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Mekong plastic pollution on table

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The Mekong is one of 10 rivers that carry 88-95 per cent of plastics into the world’s oceans, a study published in the Environmental Science & Technology journal says. afp

Mekong plastic pollution on table

Lao government officials and researchers from the four Mekong countries will join forces to assess plastic waste leakage into the Mekong River system.

This will be done to provide information on the current state of plastic pollutants in the region and offer policy recommendations to address the challenges.

According to a media release from the Mekong River Commission (MRC), an agreement was made at a regional workshop held in Vientiane last month. The event was hosted by the MRC Secretariat and UN Environment Programme (UNEP) Regional Office for Asia and the Pacific.

About 50 government officials and university researchers from Cambodia, Laos, Thailand and Vietnam gathered to discuss assessment methodologies to study plastic debris and its sources across the Mekong.

A study on the export of plastic debris by rivers into the sea, published in the journal Environmental Science & Technology in November 2017, said the Mekong is one of 10 rivers that collectively carry 88-95 per cent of plastics into the world’s oceans.

There were also other reports around the plastic lifestyle that is proliferating across Mekong neighbourhoods without basin-wide countermeasures.

The workshop was held as part of UNEP’s 10-month long “Counter-Measure” project, which ends next month.

“The assessment will provide the four Mekong countries with scientific evidence and information on plastic debris, plastic pollution and its threat to the environment and people,” said Kakuko NagataniYoshida, UNEP Regional Coordinator for Chemicals, Waste and Air Quality, when addressing the workshop.

The assessment will involve monitoring and collecting plastic debris and waste leakage at five sites located in major cities along the Mekong, namely Chiang Rai, Vientiane, Ubon Ratchathani, Phnom Penh and Can Tho, in which four Mekong universities will take the lead.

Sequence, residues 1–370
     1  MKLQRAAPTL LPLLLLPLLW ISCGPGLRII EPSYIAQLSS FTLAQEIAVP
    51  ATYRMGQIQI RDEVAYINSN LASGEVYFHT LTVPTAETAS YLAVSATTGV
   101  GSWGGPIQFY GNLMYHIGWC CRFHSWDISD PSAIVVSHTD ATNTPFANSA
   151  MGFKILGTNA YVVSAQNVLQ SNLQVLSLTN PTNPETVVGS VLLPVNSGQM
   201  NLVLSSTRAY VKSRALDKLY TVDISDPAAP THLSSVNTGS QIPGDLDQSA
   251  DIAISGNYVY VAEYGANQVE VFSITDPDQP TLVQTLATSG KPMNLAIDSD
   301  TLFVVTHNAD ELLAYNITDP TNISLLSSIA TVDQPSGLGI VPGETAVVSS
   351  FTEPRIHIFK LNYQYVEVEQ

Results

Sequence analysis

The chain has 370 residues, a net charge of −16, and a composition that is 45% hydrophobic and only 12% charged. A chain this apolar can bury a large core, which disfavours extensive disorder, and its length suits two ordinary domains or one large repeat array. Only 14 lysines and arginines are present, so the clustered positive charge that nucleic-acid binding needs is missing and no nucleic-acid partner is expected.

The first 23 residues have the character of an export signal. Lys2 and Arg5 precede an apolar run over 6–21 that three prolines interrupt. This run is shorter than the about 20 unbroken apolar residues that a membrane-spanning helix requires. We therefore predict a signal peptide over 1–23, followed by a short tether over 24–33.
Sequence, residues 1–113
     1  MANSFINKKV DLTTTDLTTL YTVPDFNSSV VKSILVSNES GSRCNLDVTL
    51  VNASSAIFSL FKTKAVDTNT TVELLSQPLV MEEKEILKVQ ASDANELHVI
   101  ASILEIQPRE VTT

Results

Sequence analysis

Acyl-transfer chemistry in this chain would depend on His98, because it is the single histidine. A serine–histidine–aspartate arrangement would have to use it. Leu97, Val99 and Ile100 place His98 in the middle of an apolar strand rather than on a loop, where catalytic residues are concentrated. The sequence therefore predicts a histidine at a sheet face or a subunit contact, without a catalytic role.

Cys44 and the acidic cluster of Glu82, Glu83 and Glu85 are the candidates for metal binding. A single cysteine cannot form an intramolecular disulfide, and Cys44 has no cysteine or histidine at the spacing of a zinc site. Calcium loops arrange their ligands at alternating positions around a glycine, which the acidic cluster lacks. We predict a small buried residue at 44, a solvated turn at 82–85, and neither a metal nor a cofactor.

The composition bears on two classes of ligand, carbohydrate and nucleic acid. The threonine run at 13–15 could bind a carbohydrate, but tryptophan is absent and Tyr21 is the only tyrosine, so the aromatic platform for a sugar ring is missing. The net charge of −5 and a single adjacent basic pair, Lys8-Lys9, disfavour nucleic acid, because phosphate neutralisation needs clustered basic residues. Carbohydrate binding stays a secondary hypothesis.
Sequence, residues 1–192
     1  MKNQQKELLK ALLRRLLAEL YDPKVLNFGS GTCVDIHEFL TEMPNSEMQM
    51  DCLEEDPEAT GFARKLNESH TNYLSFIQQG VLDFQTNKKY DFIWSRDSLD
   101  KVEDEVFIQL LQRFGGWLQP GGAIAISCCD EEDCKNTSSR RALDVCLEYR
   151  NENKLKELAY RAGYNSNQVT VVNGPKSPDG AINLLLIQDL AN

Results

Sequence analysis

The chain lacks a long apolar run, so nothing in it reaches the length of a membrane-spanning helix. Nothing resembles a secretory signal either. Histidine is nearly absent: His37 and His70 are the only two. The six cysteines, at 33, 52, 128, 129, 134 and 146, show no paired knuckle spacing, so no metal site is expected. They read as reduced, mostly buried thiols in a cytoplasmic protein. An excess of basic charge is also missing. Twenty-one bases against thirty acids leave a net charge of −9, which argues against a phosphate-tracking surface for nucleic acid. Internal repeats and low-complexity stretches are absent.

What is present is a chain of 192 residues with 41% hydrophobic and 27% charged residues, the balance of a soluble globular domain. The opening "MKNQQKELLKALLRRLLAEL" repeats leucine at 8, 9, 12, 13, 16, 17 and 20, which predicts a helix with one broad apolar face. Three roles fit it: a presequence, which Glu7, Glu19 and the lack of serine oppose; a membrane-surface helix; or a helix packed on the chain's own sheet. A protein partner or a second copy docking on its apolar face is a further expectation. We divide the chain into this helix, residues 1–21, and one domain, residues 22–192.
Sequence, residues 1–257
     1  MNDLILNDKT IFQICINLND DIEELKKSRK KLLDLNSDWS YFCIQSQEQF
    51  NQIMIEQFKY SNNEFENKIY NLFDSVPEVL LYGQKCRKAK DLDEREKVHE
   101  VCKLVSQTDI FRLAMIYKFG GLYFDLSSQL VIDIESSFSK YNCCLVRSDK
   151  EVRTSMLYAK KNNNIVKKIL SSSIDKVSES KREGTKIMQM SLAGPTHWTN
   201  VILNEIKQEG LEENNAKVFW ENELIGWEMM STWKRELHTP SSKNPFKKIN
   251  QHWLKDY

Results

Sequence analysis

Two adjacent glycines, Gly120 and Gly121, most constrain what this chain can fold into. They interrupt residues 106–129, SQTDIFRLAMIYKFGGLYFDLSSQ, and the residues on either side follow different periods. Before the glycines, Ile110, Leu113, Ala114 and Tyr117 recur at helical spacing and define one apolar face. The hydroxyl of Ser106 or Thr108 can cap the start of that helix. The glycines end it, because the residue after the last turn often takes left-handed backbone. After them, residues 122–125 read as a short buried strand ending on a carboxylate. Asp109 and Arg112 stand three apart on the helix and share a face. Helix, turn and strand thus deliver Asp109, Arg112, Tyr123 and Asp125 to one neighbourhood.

Funded by the Japanese government, the Counter-Measure project (Project on Promotion of Countermeasures Against Marine Plastic Litter in Southeast Asia and India) was launched in the middle of last year and is led by the UNEP Regional Office for Asia and the Pacific.

It aims to study land-based plastic leakage entering waterways such as rivers, canals and drainage channels, into the sea in the Mekong River basin, and in Mumbai and the Ganges River basin in India.

In the Mekong area, the MRC and UNEP are implementing the project as part of their larger technical collaboration signed by both parties in December.

MRC Secretariat Chief Executive Officer, Dr An Pich Hatda, said the partnership with UNEP comes at the right time, as member states will conduct national reviews on the status and trends of plastic debris, including the legal and institutional framework on plastic pollution management as part of the MRC’s annual work plan for 2020.

“The reviews aim to provide a better picture and understanding of the plastic issues in each of the four countries,” he said, adding that the MRC will formulate a long-term activity to monitor, assess and provide policy recommendations to member countries, using results from the national reviews and Counter-Measure project.

“We hope to incorporate the findings into our next Mekong State of the Basin Report to provide a fuller statement of past trends and present conditions within the basin and to track changes brought about by Mekong cooperation.”

“We also hope to develop a Mekong strategic framework for plastic pollution management and create networks across the four countries for the monitoring and management of plastic pollution in the Mekong,” An said.



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